Jyothsna, whose highest ranking was number two in her category in the country, has been consistently performing well at the national events, winning bronze medal in 2015 (under-11) at Puducherry and finishing fifth in 2013 (under-9) at Chennai, besides bagging last year’s national bronze medal. She had also bagged gold medal (under-11) in the 2015 state level chess championship at Nagappatinam and silver medal (under-13) in the 2013 state level chess championships at Nagercoil.

    Her only ambition is to become a woman grandmaster. “There are seven women grandmasters in the country. I would like to play more open tournaments so that I can face many grandmasters and consistently defeat them to achieve my dream. I have been training more than six hours a day for the last two years,” Jyothsna said.

    Her coach and NLC India Limited deputy chief manager (sports development centre) Fide master A Pavanasam said Jyothsna is a passive but very solid player. “She does not want to lose and hence tends to play for a draw. We are trying to mould her into an attacking player, which will bear more fruits,” Pavanasam said.

    source: http://www.timesofindia.indiatimes.com / The Times of India / News> City News> Chennai News / by Bosco Dominique / TNN / April 27th, 2017

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    The sensors are placed on the segments of each finger.   | Photo Credit: Special Arrangement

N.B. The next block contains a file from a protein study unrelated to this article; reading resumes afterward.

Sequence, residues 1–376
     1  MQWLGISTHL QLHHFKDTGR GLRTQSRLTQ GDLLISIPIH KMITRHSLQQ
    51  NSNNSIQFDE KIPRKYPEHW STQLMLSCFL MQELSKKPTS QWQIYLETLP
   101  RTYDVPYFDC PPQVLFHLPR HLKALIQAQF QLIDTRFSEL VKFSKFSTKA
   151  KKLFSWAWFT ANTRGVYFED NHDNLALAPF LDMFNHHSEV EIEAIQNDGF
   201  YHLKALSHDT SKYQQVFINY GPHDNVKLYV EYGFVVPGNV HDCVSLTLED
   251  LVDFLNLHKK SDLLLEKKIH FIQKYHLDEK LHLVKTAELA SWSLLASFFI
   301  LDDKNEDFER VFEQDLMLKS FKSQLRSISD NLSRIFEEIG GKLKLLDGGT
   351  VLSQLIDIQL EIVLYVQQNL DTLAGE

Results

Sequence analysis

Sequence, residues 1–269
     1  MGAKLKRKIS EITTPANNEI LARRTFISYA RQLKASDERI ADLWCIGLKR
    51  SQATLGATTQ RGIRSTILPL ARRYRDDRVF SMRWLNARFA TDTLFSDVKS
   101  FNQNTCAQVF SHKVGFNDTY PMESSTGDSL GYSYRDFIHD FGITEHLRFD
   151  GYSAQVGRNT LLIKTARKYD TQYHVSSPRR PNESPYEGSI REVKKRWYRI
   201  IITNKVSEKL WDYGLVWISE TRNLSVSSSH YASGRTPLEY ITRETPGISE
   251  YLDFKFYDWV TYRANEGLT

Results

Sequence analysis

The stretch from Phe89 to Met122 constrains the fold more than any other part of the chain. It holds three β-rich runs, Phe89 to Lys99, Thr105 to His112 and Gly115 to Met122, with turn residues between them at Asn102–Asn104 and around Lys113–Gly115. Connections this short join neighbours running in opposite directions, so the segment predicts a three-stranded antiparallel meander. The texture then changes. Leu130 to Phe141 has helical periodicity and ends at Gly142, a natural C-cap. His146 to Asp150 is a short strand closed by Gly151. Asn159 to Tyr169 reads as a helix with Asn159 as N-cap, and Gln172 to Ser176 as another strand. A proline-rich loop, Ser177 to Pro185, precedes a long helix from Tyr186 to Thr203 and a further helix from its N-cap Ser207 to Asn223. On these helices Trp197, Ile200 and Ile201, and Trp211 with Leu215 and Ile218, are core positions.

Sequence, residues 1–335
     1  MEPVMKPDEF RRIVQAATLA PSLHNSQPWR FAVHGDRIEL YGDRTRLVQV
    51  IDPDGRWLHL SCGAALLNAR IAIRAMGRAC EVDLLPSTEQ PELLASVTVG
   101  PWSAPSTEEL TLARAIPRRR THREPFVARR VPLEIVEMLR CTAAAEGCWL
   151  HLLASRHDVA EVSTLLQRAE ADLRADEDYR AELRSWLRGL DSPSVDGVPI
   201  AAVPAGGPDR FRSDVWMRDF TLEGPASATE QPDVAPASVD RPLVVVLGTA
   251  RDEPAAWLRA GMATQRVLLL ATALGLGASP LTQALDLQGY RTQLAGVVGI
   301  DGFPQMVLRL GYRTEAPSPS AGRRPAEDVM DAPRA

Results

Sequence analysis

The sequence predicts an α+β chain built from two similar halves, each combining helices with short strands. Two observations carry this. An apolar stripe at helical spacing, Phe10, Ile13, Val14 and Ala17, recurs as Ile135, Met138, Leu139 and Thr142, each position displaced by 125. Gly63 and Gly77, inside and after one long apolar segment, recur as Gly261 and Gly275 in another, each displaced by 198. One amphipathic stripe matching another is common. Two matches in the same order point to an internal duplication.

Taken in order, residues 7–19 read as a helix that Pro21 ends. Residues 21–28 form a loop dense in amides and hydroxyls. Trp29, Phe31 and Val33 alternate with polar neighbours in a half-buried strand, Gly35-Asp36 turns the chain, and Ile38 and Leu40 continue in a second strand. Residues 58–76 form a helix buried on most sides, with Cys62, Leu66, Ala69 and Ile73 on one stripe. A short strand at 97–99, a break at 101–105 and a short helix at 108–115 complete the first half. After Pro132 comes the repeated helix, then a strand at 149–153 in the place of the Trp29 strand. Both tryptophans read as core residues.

The sensors are placed on the segments of each finger. | Photo Credit: Special Arrangement

    15 sensors that help gather data on kinematics or hand motion

    A data glove, which measures the individual joint angles of all the five fingers to understand the activity of daily living, developed by Nayan Bhatt, Research Scholar from the Department of Applied Mechanics, IIT Madras, recently won the Budding Innovators Award given by the Delhi-based National Research Development Corporation (NRDC). Mr. Bhatt has been working on developing models for studying finger kinematics for the past three years.

    The data glove has 15 sensors (plus an additional reference sensor) that help in gathering information about kinematics or hand motion. The sensors are placed on the segments of a finger — each finger has three segments and the junction between two segments forms a joint. Each sensor is connected to a microcontroller board using a flexible wire to collect data.